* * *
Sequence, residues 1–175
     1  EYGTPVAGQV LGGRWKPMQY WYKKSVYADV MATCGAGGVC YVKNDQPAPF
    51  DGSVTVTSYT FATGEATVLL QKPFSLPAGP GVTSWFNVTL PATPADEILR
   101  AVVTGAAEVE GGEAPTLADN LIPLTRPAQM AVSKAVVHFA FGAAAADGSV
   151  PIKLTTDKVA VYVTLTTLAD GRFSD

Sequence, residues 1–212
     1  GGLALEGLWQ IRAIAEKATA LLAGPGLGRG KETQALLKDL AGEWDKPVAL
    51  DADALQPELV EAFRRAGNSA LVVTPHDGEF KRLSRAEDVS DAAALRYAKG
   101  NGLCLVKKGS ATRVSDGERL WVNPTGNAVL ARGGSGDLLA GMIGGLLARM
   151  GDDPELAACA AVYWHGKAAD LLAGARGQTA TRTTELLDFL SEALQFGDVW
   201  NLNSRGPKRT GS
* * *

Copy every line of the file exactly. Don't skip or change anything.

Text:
Sequence, residues 1–175
     1  EYGTPVAGQV LGGRWKPMQY WYKKSVYADV MATCGAGGVC YVKNDQPAPF
    51  DGSVTVTSYT FATGEATVLL QKPFSLPAGP GVTSWFNVTL PATPADEILR
   101  AVVTGAAEVE GGEAPTLADN LIPLTRPAQM AVSKAVVHFA FGAAAADGSV
   151  PIKLTTDKVA VYVTLTTLAD GRFSD

Sequence, residues 1–212
     1  GGLALEGLWQ IRAIAEKATA LLAGPGLGRG KETQALLKDL AGEWDKPVAL
    51  DADALQPELV EAFRRAGNSA LVVTPHDGEF KRLSRAEDVS DAAALRYAKG
   101  NGLCLVKKGS ATRVSDGERL WVNPTGNAVL ARGGSGDLLA GMIGGLLARM
   151  GDDPELAACA AVYWHGKAAD LLAGARGQTA TRTTELLDFL SEALQFGDVW
   201  NLNSRGPKRT GS